In an interview with a New York radio station, former (OG) Clinton campaign chief James Carville said that Democrats were facing near-insurmountable odds when it came to taking control of the Senate next November.
“I think right now most Democrats are trying to focus on the 2018 elections and trying to recruit people and keep incumbents, and you know I would say we have a pretty good chance of taking the House back,” Carville said in a conversation with AM 970’s John Catsimatidis. “The Senate is very, very difficult.
“The problem in the Senate,” he continued, “is we have a large number of seats we have to hold in states that Donald Trump carried. Indiana, Missouri, you know, places like that we have to hold seats. The only places where we have an opportunity for pick up are, you know, Nevada is pretty good. After that Arizona is less good, then you’re down to Texas and Alabama, and for Democrats to win the Senate back, they have to pick up three seats.”
Carville said the Democratic Party was currently experiencing a lack of leadership.
“If a party is out of power and we don’t have a presidential candidate,” he said, “there is no one going to be in charge until sometime in 2020 when we choose a presidential candidate.”
Carville is more insightful than most Democrats when it comes to the problems haunting LeftyLand, but even he is too optimistic about his party’s chances of taking back the House in 2018. One need only look at the Democrats’ run of terrible fortune in the four special elections that have taken place since November to see that this is a party that lacks more than leadership. They’ve run 0-4 in these special elections, despite a dramatic influx of mainstream media attention and national fundraising. The only message this party has right now is “REPUBLICANS BAD. TRUMP BAD.” It just doesn’t feed the dog. Or the donkey, in this case.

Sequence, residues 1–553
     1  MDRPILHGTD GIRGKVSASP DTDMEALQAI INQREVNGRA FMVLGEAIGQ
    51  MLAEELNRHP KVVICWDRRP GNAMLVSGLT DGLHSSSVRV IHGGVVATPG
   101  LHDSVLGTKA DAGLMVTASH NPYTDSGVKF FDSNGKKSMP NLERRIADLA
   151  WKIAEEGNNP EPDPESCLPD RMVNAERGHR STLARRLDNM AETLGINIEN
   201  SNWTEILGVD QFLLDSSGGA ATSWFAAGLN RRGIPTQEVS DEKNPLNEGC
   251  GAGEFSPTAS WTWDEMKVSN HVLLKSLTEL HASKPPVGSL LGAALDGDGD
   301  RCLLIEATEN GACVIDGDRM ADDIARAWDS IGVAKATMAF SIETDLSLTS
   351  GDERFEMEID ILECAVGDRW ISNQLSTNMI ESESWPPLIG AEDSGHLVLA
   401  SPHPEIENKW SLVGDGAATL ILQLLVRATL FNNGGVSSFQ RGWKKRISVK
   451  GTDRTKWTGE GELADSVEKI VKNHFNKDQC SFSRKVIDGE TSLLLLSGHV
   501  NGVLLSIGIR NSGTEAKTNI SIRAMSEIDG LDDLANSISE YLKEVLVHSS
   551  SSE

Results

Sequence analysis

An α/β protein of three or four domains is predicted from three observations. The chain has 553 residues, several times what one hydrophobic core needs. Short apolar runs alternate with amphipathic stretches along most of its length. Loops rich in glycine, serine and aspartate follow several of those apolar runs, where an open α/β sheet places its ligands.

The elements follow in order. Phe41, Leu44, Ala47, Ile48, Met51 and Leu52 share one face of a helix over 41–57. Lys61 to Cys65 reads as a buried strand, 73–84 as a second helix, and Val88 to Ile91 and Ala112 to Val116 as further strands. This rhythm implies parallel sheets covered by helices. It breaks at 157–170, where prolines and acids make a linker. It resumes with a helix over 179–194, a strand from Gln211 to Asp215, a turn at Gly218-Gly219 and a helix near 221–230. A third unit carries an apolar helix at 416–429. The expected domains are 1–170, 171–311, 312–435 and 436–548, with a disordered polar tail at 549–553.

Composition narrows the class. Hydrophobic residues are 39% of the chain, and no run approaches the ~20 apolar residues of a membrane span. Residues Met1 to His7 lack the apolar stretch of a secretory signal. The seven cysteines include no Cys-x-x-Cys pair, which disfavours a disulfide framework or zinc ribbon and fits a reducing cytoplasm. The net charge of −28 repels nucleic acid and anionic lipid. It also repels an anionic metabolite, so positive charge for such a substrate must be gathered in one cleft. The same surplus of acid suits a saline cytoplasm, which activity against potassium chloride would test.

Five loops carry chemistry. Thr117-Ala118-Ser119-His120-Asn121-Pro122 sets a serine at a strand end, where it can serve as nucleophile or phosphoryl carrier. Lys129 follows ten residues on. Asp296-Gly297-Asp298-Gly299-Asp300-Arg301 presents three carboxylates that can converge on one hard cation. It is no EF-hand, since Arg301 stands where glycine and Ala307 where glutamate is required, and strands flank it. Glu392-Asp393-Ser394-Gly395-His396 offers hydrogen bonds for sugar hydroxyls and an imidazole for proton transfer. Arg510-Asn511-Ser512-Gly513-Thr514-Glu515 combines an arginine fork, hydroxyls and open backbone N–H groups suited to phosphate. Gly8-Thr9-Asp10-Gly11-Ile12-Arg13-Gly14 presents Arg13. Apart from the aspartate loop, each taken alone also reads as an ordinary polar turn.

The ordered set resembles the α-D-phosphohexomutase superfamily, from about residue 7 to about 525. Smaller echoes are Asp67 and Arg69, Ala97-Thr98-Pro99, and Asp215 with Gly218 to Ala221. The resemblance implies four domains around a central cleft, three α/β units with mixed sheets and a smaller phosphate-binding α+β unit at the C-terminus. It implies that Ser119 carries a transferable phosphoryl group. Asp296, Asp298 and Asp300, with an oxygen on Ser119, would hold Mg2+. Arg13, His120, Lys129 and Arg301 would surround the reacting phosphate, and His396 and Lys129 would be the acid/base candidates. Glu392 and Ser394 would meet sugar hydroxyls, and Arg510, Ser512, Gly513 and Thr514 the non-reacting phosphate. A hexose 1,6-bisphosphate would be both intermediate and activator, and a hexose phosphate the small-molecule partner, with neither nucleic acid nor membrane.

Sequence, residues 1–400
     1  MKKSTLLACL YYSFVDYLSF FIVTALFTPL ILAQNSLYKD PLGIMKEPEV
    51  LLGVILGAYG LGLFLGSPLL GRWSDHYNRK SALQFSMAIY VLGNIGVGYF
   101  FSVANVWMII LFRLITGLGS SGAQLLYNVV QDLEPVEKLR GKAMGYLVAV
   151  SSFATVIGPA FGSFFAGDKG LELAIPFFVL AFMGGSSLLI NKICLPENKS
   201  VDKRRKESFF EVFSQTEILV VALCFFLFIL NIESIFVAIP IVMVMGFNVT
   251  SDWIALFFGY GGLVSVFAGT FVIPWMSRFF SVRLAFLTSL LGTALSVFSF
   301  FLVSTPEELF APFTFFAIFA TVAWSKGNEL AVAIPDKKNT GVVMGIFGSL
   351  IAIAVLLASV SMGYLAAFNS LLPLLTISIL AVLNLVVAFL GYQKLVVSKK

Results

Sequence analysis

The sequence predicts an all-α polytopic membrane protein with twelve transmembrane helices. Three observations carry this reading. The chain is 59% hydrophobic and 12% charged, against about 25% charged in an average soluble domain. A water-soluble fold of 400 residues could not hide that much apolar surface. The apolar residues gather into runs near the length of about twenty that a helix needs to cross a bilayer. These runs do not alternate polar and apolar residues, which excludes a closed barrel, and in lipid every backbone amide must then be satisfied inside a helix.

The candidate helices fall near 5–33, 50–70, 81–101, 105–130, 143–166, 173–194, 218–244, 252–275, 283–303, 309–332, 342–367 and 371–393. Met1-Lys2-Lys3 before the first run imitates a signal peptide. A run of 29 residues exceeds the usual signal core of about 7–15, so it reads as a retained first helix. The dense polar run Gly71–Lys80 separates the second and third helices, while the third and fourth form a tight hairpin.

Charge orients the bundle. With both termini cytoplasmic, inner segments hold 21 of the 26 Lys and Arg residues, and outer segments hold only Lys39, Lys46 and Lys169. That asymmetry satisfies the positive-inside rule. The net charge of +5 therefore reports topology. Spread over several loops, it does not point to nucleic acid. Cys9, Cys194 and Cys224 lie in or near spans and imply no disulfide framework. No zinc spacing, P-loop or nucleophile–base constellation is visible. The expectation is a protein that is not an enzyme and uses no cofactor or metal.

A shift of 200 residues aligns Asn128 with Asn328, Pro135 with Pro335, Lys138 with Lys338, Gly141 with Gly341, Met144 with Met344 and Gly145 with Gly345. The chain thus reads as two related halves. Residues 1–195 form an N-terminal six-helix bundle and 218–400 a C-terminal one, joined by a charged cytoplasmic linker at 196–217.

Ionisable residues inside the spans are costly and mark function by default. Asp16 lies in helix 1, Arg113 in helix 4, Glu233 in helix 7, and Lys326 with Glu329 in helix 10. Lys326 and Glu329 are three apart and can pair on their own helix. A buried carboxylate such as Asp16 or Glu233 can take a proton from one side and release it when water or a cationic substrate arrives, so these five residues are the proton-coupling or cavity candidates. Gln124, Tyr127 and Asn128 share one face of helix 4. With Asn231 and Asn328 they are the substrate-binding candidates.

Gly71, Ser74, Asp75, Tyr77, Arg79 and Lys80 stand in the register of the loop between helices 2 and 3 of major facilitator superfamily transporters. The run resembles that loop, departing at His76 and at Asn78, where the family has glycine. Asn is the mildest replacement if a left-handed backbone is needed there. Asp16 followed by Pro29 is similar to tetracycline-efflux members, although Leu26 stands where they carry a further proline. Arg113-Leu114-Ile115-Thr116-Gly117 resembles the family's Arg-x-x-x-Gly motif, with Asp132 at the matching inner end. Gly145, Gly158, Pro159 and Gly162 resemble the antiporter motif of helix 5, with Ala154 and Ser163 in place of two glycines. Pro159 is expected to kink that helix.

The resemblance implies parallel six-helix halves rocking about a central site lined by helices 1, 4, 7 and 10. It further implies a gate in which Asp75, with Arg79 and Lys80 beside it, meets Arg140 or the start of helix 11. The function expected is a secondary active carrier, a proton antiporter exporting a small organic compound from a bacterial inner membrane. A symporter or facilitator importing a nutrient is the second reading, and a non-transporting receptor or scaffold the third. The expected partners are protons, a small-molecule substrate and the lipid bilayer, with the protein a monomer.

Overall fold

The fact is that the Democratic Party is facing an identity crisis right now, and their voters are so fractured that it could make a significant electoral victory impossible for some time to come. One half of the party wants to move back to the center, one half wants to go the Bernie Sanders way and totally immerse themselves in “progressivism.” One half thinks identity politics is killing the party; one half thinks that any candidate who takes a dime from Wall Street is a sellout. This is not the kind of fracture from which victories are made.
Trump, beset with constant negative coverage and the shadow of Russia hanging over everything he does, has not been successful in his mission to unite the country. But as long as the Democrats keep fumbling the ball, the Republican dominance of Washington will continue for a long time.